– Alex Phillimore

07. Yeasayer – “Ambling Alp”

[Dir. Julia Grigorian and Kirby McClure]

Yeasayer’s video for “Ambling Alp” was created by the artistic collective Radical Friend, who like to focus on new and interesting technologies to bring their art to life. This particular video is extremely vivid and random, combining weird unnatural acts and peoples with the natural setting of the desert. The main focus of the video seems to be around the faces of the band members and the other people in the video, whether they’re covered by mirrors, having psychedelic metallic paint dripped over them or being extended right off of the body that they belong to. You could read into this facial focus as being a comment on the song’s main message of “stick up for yourself, son,” or you could simply take the video for face value and just sit back and enjoy the psychedelic ride.

– Rob Hakimian

06. J. Cole – “Who Dat”

[Dir. BB GUN]

J. Cole’s first video “Who Dat” is an example of the perfect way to make a mark upon an (at times) all-too familiar scene. The video, shot in one continuous take, is a testament to what good planning, choreography and originality can produce. The camera follows Cole as he works his way through the burnt-out town of Fayetteville. As he proceeds he’s joined by a gang of supporters, some cheerleaders and a marching band who all stick to their cues perfectly. Further on down the road we have fires and exploding cars but none of this distracts J. Cole who, at the forefront of it all, is continuing his flow with a cool precision and confidence of a pro (or possibly of a man who knows he only has enough budget for one take). By the final shot of J. Cole leaving Fayetteville heroically down the train line as the music fades you feel you can’t help yourself but salute the man and all those involved on a job extremely well done.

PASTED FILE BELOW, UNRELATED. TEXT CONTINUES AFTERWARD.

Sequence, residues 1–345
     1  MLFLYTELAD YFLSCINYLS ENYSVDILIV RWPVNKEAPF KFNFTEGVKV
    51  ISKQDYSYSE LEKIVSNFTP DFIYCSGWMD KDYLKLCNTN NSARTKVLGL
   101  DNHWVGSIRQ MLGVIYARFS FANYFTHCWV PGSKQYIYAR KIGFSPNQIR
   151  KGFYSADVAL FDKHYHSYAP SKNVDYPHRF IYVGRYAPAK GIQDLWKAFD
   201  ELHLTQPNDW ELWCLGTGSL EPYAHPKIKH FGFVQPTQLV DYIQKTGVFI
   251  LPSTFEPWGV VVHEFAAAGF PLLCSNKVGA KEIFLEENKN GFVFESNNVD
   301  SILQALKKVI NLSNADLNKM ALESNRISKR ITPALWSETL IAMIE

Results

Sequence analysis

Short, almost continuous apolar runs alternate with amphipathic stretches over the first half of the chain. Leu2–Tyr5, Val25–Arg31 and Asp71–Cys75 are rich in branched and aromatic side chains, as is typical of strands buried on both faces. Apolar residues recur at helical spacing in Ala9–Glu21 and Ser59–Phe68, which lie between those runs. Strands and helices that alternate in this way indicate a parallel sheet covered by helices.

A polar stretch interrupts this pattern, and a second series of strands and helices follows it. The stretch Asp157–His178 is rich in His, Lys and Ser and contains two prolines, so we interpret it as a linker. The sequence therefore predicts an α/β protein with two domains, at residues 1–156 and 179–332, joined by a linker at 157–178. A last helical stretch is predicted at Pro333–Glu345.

– Rob Hakimian

05. Lady Gaga – “Telephone” (Feat. Beyonce)

[Dir. Jonas Åkerlund]